December 6, 2020


(c) J. Singh, 2017

Nothing could have prepared fifteen year old Jasmeet Singh for the sight that met him that Sunday afternoon as he walked into the Three Rivers Mall. It was something that he would remember for the rest of his life. He had come to the mall after the conclusion of the weekly prayer service at the Gurudwara, and was looking forward to shopping for a new pair of jeans and checking out the latest release of his favorite video game. It was finally available, after six long months of waiting. And so, he had hurriedly eaten langar at the Gurudwara, bid farewell to his parents and sister, and then caught the number 46 bus to the local subway station. Twelve minutes later, he was walking through the large glass doors into the Three Rivers Mall.

Only, something was different this time. He could sense that all was not well. Even as he took his first steps inside the cool, air-conditioned building, he saw panicked people running toward him. They didn’t see him. They had the look of terror in their eyes. Running for the door, fleeing, escaping. A group of screaming teenage girls dashed past him, shopping bags and clothes strewn across the floor as they fled. A sandal came off one the girls’ feet. She didn’t bother to stop and fetch it, and ran instead with one bare foot out the doors and to safety.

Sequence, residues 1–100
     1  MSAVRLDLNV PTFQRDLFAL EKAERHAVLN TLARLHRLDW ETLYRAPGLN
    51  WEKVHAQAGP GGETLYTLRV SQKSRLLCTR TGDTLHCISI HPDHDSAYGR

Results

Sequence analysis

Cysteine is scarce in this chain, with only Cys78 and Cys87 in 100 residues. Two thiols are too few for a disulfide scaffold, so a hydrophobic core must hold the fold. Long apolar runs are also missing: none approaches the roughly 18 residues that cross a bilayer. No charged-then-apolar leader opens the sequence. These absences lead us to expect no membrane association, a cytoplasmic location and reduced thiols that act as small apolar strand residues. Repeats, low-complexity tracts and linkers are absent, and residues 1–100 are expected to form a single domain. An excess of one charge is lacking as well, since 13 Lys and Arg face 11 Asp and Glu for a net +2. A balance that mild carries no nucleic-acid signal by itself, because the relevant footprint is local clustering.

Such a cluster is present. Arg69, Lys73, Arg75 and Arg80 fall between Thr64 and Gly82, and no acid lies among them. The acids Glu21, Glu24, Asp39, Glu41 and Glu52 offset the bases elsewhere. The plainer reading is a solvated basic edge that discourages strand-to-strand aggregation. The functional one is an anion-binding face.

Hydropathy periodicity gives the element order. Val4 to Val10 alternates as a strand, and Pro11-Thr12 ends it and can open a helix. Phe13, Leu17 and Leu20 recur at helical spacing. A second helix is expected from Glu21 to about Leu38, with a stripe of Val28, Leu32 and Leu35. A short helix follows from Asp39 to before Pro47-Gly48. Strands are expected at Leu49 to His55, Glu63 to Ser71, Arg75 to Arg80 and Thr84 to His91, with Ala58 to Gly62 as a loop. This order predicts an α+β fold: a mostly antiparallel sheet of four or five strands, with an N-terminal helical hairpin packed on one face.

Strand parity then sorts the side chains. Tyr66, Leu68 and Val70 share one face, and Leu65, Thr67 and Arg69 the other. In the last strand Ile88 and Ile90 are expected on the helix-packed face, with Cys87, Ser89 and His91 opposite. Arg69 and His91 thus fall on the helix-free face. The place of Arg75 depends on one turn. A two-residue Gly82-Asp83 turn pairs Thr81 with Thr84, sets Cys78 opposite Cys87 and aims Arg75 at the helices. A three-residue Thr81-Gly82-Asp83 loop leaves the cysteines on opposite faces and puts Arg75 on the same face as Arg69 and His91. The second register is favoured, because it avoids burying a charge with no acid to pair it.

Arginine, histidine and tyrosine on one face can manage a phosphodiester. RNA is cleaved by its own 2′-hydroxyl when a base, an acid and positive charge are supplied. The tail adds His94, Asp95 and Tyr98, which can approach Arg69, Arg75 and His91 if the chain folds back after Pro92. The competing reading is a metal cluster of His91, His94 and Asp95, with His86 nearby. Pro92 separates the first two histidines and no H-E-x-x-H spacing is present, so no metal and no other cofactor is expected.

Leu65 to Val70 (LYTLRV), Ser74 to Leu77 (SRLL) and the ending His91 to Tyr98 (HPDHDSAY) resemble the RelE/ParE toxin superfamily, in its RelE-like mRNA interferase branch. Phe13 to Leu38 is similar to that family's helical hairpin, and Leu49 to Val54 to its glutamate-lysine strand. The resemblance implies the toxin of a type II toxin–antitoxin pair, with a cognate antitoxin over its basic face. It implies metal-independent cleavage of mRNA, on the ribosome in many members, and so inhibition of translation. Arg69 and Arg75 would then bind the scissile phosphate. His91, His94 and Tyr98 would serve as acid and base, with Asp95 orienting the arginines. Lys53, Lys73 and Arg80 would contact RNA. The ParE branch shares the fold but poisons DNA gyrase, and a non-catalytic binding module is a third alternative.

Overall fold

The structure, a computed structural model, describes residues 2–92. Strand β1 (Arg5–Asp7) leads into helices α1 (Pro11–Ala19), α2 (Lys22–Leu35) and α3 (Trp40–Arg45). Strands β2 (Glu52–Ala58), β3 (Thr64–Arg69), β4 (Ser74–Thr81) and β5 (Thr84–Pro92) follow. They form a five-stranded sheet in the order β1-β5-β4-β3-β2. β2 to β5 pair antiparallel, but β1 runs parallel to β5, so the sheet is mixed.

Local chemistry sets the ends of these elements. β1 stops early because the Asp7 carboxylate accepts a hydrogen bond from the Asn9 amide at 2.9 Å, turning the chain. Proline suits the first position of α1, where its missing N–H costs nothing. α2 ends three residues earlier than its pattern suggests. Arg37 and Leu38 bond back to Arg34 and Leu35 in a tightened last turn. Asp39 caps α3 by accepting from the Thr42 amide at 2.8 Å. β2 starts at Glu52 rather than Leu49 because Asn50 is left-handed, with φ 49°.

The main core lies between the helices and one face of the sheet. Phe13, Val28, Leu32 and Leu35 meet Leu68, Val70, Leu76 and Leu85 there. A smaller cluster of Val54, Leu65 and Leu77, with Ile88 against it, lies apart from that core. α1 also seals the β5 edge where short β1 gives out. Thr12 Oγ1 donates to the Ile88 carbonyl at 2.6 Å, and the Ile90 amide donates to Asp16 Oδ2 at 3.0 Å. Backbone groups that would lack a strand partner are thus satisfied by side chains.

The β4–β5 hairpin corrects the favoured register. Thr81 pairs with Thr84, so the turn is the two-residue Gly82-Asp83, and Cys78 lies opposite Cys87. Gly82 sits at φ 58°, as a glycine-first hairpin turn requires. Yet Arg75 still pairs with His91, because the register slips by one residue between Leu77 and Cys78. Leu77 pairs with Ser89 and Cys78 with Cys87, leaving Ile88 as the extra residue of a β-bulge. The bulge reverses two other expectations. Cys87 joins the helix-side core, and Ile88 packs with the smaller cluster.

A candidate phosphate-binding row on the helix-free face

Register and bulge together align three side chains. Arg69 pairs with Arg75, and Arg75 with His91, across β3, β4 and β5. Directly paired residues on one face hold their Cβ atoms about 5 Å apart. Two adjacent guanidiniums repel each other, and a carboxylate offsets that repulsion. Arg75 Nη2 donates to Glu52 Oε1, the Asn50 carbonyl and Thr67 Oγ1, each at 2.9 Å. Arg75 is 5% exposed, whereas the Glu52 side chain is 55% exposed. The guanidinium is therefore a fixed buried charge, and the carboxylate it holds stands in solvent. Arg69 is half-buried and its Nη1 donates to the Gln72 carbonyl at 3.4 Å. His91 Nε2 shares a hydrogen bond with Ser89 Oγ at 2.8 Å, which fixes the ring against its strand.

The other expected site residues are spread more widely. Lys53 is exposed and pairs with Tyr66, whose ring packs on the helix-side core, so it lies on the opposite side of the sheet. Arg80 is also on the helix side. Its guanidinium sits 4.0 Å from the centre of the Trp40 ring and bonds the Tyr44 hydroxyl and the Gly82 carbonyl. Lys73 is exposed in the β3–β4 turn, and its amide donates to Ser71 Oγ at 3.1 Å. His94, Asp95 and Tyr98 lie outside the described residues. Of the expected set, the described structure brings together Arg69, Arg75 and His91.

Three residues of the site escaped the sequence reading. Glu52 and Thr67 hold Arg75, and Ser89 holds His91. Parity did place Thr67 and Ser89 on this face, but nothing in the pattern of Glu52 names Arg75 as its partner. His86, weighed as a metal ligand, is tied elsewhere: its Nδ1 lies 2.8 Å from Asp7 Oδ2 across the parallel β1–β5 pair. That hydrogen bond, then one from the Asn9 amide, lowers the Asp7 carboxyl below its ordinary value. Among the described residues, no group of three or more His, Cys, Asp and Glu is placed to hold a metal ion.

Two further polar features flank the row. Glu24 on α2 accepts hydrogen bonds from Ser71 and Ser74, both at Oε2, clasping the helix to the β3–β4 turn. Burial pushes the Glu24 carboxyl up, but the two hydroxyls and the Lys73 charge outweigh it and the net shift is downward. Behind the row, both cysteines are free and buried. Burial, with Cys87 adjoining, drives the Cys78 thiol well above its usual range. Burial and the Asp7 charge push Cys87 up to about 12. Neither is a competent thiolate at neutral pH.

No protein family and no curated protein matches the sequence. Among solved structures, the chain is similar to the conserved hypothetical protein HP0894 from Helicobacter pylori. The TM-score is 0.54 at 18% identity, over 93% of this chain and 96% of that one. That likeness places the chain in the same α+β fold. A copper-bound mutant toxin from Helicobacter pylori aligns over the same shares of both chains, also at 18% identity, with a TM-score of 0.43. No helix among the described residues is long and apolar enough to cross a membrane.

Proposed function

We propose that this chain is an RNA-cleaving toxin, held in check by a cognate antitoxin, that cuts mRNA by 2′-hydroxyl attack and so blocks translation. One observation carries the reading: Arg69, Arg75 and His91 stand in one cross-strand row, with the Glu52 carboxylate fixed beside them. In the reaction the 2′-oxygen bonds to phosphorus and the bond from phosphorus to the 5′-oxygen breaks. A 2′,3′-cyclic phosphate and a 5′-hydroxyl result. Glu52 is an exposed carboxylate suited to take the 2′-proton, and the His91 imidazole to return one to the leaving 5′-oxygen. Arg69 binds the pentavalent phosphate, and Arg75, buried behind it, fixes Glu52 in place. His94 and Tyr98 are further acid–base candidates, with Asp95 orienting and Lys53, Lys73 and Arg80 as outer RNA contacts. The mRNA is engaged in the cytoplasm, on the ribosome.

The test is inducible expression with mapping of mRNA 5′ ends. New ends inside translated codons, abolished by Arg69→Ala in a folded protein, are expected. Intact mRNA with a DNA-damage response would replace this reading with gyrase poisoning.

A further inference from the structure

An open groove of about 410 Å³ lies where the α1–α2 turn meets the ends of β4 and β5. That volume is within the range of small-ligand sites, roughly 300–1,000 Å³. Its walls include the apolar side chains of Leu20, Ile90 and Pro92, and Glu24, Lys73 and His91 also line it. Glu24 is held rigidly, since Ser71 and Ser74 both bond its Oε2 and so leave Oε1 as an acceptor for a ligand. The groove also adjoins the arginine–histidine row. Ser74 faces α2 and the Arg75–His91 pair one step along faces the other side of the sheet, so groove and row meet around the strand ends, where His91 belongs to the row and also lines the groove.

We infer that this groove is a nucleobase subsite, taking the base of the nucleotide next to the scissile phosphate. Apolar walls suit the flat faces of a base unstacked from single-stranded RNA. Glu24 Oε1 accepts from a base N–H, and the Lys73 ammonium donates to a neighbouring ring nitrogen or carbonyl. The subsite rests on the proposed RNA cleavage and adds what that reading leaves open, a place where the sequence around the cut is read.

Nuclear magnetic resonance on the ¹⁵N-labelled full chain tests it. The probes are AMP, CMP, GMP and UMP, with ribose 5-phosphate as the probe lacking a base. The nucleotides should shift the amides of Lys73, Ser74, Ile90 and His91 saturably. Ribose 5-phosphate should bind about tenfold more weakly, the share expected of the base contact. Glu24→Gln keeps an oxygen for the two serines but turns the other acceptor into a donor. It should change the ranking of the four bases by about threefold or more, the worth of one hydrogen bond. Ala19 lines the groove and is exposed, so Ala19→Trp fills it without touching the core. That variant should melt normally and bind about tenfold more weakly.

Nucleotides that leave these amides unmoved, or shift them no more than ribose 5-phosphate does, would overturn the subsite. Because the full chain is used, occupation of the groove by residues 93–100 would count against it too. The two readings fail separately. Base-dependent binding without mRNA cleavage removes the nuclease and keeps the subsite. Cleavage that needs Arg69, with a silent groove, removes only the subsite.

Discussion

Jasmeet’s first instinct was to turn around and follow the crowd. After all, they were running away for a reason. He was about to do just that when he caught sight of figures on the ground, several feet in front of him, just by the water fountains in the center of the mall. His heart jumped. Were those people lying there?

He froze. His mind raced. What if they were hurt? What if they needed help? But there must be danger. That’s why everyone was running in the opposite direction. Jasmeet took a deep breath. He must get out of here. He was about to turn and head for the doors when one of the prone figures on the ground raised his arm. He was moving, but barely. Then, a face turned and looked at him. The man propped himself up on one elbow, and motioned to Jasmeet. He was obviously hurt, but lucid enough to request help.